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Pharmacol Ther. 1999 May-Jun;82(2-3):337-46.

Acquisition of inhibitor-sensitive protein kinases through protein design.

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Department of Chemistry, Princeton University, NJ 08544, USA.


Protein phosphorylation is the major post-translational modification used by eukaryotic cells to control cellular signaling. Protein kinases have emerged as attractive drug targets because heightened protein kinase activity has been associated with several proliferative diseases, most notably cancer and restenosis. Until now, it has been very difficult to confirm the utility of protein kinases as inhibitor targets because very few small molecules that selectively inhibit one particular kinase are known. Discovery of highly specific kinase inhibitors has been slow because the protein family contains approximately 2000 members, all of which share a conserved active site fold. Recent work in several laboratories has sought to circumvent the problem of kinase structural degeneracy by engineering drug sensitivity into Src family tyrosine kinases and mitogen-activated protein kinases through site-directed mutagenesis. By introducing a unique non-naturally occurring amino acid into a conserved region of the enzyme's binding site, a target protein kinase can be rapidly sensitized to a small molecule. Introduction of the engineered kinase into a cell line or animal model should greatly expedite the investigation of protein kinase inhibition as a viable drug treatment. The purpose of this review is to summarize these recent advances in protein kinase drug sensitization.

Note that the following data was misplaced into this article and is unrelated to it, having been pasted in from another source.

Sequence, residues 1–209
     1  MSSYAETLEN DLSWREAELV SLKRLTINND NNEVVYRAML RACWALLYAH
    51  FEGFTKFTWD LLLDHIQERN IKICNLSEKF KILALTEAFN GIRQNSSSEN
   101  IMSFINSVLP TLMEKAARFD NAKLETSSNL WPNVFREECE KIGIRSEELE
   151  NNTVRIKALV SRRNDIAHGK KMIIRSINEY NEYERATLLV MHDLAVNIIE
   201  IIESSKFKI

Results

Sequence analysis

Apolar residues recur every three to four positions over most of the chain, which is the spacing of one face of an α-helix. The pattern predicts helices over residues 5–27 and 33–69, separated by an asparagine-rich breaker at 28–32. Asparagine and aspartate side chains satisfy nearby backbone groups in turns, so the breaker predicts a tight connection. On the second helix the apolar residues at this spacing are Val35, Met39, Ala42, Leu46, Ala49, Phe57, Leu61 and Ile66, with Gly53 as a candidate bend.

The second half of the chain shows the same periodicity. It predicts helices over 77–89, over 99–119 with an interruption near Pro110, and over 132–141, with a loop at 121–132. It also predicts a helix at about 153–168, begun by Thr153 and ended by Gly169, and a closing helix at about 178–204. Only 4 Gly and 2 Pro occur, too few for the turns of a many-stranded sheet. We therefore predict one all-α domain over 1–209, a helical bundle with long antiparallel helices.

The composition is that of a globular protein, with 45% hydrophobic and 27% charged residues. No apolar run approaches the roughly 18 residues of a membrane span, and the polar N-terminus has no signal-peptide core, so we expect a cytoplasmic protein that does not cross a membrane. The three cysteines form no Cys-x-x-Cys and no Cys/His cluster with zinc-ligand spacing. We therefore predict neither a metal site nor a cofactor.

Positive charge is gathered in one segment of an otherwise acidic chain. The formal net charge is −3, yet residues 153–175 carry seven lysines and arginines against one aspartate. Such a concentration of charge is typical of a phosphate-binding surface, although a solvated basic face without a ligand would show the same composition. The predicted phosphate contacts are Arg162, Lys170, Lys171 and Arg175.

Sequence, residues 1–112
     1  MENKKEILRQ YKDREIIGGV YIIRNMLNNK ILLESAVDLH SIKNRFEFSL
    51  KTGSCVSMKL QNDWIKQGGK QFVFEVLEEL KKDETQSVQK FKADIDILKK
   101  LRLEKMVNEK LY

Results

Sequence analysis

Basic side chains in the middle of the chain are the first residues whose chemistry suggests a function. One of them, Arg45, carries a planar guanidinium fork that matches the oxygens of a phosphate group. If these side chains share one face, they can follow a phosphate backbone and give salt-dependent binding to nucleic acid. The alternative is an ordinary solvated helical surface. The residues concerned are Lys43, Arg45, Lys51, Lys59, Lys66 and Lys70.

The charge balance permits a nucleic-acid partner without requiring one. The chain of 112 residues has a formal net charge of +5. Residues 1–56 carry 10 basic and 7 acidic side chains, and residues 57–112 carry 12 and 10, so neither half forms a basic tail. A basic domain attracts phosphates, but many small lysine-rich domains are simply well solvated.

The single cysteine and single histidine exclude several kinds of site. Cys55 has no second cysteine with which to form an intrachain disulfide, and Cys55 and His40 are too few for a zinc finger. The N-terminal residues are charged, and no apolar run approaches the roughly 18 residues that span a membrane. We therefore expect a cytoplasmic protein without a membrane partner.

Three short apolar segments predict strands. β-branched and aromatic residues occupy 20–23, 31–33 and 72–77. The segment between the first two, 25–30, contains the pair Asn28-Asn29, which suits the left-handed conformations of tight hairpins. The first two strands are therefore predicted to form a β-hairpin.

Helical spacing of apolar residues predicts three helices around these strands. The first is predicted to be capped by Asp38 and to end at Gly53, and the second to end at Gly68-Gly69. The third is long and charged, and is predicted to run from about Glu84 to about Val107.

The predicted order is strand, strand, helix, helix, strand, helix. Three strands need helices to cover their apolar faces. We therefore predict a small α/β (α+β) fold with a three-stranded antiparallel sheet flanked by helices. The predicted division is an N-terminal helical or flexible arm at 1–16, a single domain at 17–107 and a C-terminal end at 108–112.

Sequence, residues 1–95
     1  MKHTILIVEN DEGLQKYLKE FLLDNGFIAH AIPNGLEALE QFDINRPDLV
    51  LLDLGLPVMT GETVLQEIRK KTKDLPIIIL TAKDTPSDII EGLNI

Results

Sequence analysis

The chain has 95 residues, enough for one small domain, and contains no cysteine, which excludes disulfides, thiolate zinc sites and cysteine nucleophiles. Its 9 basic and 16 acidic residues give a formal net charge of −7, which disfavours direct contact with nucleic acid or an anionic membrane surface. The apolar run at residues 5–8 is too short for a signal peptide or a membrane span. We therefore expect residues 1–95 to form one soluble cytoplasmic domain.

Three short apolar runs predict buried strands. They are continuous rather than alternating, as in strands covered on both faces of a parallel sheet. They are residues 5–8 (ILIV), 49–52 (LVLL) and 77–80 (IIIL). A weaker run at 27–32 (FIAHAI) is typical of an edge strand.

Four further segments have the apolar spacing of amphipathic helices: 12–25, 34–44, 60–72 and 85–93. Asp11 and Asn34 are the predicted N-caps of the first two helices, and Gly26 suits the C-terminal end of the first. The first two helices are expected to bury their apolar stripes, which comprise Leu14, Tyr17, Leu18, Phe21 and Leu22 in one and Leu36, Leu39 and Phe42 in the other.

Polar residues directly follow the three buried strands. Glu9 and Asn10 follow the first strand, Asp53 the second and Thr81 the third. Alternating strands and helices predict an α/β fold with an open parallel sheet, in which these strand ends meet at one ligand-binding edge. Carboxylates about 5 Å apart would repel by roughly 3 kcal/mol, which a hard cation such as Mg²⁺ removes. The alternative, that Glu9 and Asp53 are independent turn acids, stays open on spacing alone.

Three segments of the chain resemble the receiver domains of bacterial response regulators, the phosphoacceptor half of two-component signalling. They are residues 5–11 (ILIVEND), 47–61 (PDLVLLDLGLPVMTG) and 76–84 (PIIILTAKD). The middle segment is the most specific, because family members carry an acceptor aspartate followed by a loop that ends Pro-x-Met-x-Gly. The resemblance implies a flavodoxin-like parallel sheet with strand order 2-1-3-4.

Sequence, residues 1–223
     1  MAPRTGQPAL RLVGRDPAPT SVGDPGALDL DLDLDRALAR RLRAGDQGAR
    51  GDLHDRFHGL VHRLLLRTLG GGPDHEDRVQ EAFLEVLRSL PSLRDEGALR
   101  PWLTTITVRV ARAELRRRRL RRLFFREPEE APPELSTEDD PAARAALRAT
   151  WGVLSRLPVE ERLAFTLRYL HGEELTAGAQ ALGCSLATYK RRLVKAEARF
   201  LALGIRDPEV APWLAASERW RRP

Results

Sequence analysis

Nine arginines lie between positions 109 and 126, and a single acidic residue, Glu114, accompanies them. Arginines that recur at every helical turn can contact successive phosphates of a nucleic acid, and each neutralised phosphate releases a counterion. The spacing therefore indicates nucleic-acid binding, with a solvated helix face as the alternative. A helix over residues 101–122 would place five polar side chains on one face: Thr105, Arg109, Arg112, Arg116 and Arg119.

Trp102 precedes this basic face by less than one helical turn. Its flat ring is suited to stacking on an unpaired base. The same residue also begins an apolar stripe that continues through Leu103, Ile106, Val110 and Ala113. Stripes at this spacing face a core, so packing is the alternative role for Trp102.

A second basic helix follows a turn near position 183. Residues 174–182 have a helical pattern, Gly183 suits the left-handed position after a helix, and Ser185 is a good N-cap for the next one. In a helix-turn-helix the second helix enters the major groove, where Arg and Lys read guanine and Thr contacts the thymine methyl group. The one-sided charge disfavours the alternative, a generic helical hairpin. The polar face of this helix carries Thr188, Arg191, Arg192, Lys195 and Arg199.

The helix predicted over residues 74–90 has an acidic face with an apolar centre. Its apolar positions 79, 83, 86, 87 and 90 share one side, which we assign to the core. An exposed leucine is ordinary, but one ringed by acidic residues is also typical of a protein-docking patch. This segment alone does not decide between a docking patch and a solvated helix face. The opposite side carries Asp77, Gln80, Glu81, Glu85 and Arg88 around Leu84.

[Indexed for MEDLINE]

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